The Bucks have been one of the NBA’s basement dwellers for a long time. It was not until last year where they had a legitimate chance to make the second round in the Eastern Conference. This year is a different story, with Giannis Antetokounmpo running the show, Milwaukee beat the Detroit Pistons in the first round of the playoffs. This is the first time they have made the second round since 2001 when Ray Allen and Glenn Robinson were the big dogs. For nostalgia purposes and because it’s fun to see how far Milwaukee teams have come, I dove into what the Brewers looked like last time the Bucks were this good. Make sure you read the whole article, there are definitely some names that will bring back all the feels. Ladies and gentleman, your 2001 Milwaukee Brewers.
Record: 68-94, 4th in the NL Central behind the Astros (Led by Craig Biggio, Jeff Bagwell, Lance Berkman, Roy Oswalt), Cardinals (Led by Albert Pujols, Jim Edmonds, Placido Polanco, Matt Morris) and Cubs (Led by Sammy Sosa, Eric Young, Rondell White, Kerry Wood)
Run Differential: -66
Manager: Davey Lopes
Lopes coached the Brewers in 2000, 2001, and for 15 games (he was fired after Milwaukee started the season 3-12) in 2002. He finished his Brewer managerial career with a 144-195 record. The best his team ever finished was 3rd in the NL Central. This was his one and only managerial stint.
Jamey Wright: GS – 33 : W – 11 : L – 12 : ERA – 4.90 : IP – 194.2 : SO – 129 : WHIP – 1.536 : WAR – 0.4
Jimmy Haynes: GS – 29 : W – 8 : L – 17 : ERA – 4.85 : IP – 172.2 : SO – 112 : WHIP – 1.506 : WAR – 0.9
Ben Sheets: GS – 25 : W – 11 : L – 10 : ERA – 4.76 : IP – 151.1 : SO – 94 : WHIP – 1.414 : WAR – 0.6
Allen Levrault: GS – 20 : W – 6 : L – 10 : ERA – 6.06 : IP – 130.2 : SO – 80 : WHIP – 1.569 : WAR – -1.1
Paul Rigdon: GS – 15 : W – 3 : L – 5 : ERA – 5.79 : IP – 79.1 : SO – 49 : WHIP – 1.664 : WAR – -0.2
The 2001 Brewer starting rotation was one of the youngest in the league with an average age of 24 years old. This age showed because the Brewer starters finished with an abysmal average ERA of 5.27. If anybody was to blame for Milwaukee’s poor 68 win season, it was the starting pitching. The only good thing to come out of the starters was the rookie season of, Ben Sheets. Sheets ended up having a very nice career where he made 4 all star games with the Crew and is considered one of the most popular Brewer pitchers of all-time. The only other starter to have any sort of success in the league after 2001 was Jamey Wright who ended playing 13 more years in the bigs.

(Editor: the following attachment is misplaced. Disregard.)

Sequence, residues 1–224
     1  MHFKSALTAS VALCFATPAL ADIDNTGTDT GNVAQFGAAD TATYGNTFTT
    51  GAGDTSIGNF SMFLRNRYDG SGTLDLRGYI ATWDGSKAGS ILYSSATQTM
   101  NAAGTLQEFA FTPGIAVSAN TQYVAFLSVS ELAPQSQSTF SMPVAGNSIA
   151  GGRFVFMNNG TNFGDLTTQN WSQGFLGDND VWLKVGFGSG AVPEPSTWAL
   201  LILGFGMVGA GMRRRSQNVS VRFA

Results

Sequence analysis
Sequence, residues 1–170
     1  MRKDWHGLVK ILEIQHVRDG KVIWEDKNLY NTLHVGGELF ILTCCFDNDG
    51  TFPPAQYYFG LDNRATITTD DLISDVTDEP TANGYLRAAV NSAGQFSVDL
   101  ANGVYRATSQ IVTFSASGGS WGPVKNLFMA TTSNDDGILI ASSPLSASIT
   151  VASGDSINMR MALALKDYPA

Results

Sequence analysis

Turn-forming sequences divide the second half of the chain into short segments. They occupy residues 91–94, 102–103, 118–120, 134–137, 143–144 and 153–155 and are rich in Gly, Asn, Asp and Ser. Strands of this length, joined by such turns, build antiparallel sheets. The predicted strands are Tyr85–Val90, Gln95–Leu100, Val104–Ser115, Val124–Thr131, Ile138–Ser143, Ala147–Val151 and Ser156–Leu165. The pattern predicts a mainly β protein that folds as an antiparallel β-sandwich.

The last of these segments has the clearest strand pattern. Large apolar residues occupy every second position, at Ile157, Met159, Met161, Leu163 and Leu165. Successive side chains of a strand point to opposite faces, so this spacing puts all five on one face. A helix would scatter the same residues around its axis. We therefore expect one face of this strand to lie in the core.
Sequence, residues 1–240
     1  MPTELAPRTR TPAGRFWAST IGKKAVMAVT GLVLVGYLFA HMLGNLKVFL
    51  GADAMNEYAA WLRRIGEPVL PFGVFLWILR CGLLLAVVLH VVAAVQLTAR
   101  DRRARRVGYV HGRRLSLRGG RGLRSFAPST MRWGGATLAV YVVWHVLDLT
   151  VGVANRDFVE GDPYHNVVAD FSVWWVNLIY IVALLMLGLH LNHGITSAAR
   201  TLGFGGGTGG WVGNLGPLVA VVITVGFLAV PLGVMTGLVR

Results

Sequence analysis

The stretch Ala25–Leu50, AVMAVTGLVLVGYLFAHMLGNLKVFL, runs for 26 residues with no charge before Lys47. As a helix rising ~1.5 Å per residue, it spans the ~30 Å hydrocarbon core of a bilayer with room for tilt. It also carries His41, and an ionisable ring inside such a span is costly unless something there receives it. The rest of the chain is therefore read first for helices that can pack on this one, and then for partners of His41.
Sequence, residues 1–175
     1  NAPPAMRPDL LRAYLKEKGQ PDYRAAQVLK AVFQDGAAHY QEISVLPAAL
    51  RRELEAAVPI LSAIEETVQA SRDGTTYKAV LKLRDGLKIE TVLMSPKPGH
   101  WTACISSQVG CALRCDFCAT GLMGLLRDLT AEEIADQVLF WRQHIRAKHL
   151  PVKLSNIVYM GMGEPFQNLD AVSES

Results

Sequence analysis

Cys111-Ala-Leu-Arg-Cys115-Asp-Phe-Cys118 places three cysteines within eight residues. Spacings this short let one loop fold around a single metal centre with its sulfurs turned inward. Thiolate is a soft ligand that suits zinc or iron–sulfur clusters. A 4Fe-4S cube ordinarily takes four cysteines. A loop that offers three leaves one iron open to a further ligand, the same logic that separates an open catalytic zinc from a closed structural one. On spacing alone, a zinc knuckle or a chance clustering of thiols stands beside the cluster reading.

Mike DeJean: G – 75 : ERA – 2.77 : IP – 84.1 : SO – 68 : SV – 2 : WHIP – 1.352 : WAR – 1.4
Chad Fox: G – 65 : ERA – 1.89 : IP – 66.2 : SO – 80 : SV – 2 : WHIP – 1.200 : WAR – 2.3
Curt Leskanic: G – 70 : ERA – 3.63 : IP – 69.1 : SO – 64 : SV – 17 : WHIP – 1.356 : WAR – 0.9
David Weathers: G – 52 : ERA – 2.03 : IP – 57.2 : SO – 46 : SV- 4 : WHIP – 1.075 : WAR – 2.0
Ray King: G – 82 : ERA – 3.60 : IP – 55.0 : SO – 49 : SV – 1 : WHIP – 1.345 : WAR – 1.0
As bad as the starting pitching was, the Milwaukee bullpen was a nice change of pace in 2001. For the most part they were lights out combining for an ERA of 2.78. To put it in perspective last year’s 5 main bullpen guys on the Crew combined for an ERA of 2.95. Players like Mike DeJean, David Weathers, and Ray King all had solid careers after 2001.
Catcher: Henry Blanco
AB – 314 : BA – .210 : OPS – .634 : HR- 6 : RBI – 31 : R – 33
With Henry Blanco his offensive numbers were very underwhelming. However, he played in the MLB until he was 41 years old because of his consistency behind the dish. Even in 2001 he had a very good CS% of 42% which was a year off of his career high 58%. Albeit, Yadier Molina isn’t retired yet, but Blanco had more 40%+ CS% seasons than him. Blanco played 16 years for 11 different teams meaning he was an ultimate journeyman after 2 years with Milwaukee.
First Baseman: Richie Sexson
AB – 598 : BA – .271 : OPS – .889 : HR – 45 : RBI – 125 : R- 94
The 2001 Milwaukee Brewers MVP was none other than the 6’7” monster at first base, Richie Sexson. At the end of the season he was 9th in the MLB in home runs and 5th out of all first basemen. Also, he was 11th in RBIs which ranked 6th out of first baseman. In 3 and 1/3 seasons with Milwaukee Sexson hit a remarkable 133 home runs (over 1/3 of his career total), 398 RBIs and was selected to his only two career All-Star games. After his years with the Brewers he went on to play for the Diamondbacks, Mariners, and Yankees but never quite reached the success he did with the Brewers.
Second Baseman: Ronnie Belliard
AB – 364 : BA – .264 : OPS – .788 : HR – 11 : RBI – 36 : R – 69